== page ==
There are plenty of shortcut recipes out there. Most used canned biscuit dough, the flaky layered kind, cut into little squares. You can also buy frozen dumplings in most grocery stores - Mary B's is a brand that I see pretty often. These dumplings, though, are made from scratch...this is STILL a shortcut recipe, since the dumplings are REALLY easy to prepare. If you can make pie crust dough, you can make these dumplings. You don't even have to worry about having too much flour, since that's what gives the dish that creaminess and thick texture! There are also no veggies in this version, which is how TRUE Southerners eat their chicken & dumplings. The bowl should be a thick, almost gruel-like broth, packed with chewy, pillowy dumplings, and a hearty serving of chicken. 


Other shortcuts include using pre-packaged chicken broth, and rotisserie chicken from the deli. I can make this dish in about 30 minutes; I bring the broth to a boil while making the dumplings, and cut up the chicken while stirring the dumplings in the broth. Easy!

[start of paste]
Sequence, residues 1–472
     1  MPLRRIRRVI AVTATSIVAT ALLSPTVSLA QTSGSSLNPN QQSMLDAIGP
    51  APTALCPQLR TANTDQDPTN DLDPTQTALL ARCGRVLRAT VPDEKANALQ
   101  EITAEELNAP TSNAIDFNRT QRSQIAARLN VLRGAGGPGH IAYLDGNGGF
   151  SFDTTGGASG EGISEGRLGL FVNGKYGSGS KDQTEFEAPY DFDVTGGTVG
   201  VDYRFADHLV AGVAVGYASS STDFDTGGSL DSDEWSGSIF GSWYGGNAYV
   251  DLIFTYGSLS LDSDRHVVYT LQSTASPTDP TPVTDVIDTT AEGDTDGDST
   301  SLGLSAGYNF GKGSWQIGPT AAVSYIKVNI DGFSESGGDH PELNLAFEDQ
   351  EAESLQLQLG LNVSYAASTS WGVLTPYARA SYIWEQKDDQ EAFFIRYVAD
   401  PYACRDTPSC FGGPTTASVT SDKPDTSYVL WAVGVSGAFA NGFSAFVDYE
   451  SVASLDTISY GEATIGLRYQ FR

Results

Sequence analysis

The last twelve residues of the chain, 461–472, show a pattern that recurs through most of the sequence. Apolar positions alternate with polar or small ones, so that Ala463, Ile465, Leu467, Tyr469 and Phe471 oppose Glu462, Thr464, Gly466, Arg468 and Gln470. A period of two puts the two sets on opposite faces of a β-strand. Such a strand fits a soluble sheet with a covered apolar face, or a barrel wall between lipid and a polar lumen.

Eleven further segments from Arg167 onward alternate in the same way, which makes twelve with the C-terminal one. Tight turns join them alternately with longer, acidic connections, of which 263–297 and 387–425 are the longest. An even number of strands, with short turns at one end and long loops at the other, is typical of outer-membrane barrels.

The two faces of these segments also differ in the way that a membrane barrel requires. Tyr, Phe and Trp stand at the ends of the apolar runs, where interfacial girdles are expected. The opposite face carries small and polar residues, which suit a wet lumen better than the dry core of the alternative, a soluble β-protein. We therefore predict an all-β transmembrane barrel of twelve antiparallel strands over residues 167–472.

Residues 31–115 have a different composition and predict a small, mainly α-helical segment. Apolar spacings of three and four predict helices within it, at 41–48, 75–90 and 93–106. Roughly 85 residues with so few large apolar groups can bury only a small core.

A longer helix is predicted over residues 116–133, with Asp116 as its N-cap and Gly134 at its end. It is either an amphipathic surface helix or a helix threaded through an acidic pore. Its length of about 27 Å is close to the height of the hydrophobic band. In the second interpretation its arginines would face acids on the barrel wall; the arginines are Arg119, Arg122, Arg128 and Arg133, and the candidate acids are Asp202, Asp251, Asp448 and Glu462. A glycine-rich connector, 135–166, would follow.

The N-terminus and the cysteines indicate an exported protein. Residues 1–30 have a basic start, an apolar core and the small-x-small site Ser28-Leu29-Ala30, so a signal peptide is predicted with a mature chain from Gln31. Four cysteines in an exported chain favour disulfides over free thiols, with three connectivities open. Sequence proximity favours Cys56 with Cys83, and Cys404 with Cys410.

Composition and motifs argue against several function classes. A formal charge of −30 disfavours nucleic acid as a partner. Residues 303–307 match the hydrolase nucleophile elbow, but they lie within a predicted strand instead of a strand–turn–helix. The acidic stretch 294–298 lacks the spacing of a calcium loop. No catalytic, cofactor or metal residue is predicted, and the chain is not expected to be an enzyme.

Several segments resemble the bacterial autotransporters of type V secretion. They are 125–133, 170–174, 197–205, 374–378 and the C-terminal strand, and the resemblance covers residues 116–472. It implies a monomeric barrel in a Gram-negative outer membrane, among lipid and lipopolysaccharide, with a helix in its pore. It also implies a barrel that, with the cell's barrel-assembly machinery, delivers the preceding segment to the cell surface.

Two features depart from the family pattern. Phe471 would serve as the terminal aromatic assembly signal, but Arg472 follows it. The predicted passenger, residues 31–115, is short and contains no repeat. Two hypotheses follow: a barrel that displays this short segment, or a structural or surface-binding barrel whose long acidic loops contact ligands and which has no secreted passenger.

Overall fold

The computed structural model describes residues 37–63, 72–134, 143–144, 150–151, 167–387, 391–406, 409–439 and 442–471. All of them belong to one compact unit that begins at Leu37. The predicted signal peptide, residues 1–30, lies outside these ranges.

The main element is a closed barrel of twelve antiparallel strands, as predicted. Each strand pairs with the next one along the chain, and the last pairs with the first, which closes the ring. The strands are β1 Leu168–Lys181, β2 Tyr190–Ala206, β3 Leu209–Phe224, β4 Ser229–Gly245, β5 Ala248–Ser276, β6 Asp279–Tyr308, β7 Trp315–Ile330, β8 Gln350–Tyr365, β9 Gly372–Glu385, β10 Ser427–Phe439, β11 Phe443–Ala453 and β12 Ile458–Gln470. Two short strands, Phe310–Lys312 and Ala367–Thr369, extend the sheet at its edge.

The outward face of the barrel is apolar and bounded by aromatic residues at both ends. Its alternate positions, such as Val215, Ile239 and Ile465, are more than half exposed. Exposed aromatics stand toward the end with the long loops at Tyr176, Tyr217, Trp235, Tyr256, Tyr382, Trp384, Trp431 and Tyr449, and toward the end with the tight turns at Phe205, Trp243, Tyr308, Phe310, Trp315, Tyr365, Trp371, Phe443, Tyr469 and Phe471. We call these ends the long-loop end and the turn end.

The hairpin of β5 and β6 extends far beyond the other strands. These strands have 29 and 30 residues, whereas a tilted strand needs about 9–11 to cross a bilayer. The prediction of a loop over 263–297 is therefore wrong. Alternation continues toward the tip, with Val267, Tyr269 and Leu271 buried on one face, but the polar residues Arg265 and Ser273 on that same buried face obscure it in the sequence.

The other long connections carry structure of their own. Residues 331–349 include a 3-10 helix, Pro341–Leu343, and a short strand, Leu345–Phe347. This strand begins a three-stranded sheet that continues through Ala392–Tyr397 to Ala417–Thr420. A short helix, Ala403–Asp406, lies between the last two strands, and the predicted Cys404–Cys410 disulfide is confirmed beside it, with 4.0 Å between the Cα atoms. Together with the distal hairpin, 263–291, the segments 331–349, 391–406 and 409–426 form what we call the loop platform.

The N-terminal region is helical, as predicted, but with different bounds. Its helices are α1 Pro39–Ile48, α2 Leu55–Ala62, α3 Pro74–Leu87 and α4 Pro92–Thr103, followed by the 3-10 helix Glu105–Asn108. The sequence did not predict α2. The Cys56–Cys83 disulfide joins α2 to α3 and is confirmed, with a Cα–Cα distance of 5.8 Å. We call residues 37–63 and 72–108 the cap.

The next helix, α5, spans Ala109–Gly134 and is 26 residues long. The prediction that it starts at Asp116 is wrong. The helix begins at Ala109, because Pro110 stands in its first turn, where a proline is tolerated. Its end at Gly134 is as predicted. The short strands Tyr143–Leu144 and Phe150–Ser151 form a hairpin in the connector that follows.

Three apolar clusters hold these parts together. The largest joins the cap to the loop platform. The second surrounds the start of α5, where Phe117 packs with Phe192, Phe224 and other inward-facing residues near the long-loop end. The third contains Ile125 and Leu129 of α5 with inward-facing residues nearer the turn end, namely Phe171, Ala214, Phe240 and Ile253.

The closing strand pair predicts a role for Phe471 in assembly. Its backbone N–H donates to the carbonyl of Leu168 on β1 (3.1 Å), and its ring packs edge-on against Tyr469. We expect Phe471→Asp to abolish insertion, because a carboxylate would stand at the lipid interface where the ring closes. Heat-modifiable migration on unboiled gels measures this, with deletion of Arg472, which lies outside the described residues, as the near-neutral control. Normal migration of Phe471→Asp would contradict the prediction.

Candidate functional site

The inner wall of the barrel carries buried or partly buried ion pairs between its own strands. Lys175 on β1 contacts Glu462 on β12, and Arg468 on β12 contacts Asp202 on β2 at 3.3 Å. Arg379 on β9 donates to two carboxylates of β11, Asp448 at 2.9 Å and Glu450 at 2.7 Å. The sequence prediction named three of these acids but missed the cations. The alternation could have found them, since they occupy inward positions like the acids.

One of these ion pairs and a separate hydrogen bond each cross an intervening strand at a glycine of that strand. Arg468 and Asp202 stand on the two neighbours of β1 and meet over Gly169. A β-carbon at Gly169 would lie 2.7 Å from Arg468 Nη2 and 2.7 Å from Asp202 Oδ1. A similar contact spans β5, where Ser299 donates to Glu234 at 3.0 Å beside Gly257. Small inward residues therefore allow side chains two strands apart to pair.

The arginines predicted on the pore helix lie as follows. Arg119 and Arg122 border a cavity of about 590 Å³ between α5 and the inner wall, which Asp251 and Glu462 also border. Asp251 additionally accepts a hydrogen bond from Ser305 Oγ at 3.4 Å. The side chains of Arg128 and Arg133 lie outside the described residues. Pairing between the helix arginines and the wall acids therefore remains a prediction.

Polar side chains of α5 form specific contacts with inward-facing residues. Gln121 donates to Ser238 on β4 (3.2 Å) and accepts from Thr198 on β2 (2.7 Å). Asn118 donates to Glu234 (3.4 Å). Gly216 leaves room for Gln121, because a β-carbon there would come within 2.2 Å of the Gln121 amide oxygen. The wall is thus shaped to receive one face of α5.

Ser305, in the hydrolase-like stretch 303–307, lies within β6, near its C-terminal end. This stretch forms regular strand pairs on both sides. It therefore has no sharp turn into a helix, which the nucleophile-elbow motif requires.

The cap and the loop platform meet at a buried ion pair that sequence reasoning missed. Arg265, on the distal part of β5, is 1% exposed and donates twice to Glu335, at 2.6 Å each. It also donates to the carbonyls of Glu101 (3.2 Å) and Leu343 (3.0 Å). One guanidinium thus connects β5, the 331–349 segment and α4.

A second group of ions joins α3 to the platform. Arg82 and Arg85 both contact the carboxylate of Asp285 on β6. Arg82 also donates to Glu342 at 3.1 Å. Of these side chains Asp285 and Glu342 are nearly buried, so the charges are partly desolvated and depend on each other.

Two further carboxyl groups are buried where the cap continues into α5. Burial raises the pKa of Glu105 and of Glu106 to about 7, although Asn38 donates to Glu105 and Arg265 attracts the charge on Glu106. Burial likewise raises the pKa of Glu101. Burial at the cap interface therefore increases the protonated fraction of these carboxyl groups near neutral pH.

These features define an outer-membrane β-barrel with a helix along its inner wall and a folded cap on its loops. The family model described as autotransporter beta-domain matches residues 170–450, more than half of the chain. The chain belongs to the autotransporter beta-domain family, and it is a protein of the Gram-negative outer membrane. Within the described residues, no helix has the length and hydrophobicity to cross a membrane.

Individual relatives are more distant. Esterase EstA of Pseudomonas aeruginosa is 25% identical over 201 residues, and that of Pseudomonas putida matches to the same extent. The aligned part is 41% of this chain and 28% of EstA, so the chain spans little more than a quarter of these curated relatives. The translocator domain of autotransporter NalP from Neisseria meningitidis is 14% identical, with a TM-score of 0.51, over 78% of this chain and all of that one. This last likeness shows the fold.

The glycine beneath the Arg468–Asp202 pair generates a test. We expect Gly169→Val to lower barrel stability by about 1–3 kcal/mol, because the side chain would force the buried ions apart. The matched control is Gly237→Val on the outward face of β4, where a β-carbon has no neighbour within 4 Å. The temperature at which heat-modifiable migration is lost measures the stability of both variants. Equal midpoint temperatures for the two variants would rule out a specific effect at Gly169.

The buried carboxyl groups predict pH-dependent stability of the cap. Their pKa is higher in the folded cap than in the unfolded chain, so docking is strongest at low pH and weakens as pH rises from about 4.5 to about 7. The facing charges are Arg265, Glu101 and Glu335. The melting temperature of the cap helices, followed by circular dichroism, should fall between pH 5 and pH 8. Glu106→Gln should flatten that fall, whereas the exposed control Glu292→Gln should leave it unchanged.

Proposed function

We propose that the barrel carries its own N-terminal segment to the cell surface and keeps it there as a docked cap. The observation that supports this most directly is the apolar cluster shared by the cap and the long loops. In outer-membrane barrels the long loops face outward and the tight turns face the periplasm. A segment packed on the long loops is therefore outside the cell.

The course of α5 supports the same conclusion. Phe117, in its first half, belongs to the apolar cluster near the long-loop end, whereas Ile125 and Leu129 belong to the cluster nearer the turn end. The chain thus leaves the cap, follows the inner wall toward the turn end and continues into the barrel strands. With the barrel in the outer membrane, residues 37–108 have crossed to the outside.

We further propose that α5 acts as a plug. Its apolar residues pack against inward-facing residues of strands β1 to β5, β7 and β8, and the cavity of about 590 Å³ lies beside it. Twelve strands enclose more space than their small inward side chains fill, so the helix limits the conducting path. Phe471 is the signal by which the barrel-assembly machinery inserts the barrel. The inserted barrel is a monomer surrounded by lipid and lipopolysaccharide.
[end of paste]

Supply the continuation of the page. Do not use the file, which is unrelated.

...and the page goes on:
Monday, November 26, 2012

Chocolate Pretzel Turtles

Unlike a lot of people, I'm not really scared by candy-making. Fudge? Easy. Caramels? Been there, done thatPralines? Ok, you get the point...

Candies are GREAT for the holiday season; make candy and bring it to potlucks, parties, or office get-togethers. Package them in cute little boxes and you have an inexpensive homemade gift. If you have kids, homemade candies will give them a lifetime of holiday memories

No time for candymaking? Terrified of bubbling, 200°+ sugar syrup? Just want something EASY? How about turtles? 

Turtles have been around for nearly 100 years - basically, a turtle is a pecan, chocolate and caramel candy that gets its name from the fact that the shape of the dipped candy resembles a turtle. Typically, 2-4 pecan halves are on the bottom, then topped/glued together with caramel, then all dipped in chocolate. They're incredibly tasty, but making caramel from scratch, then melting/tempering chocolate can sometimes be a bit much for most people.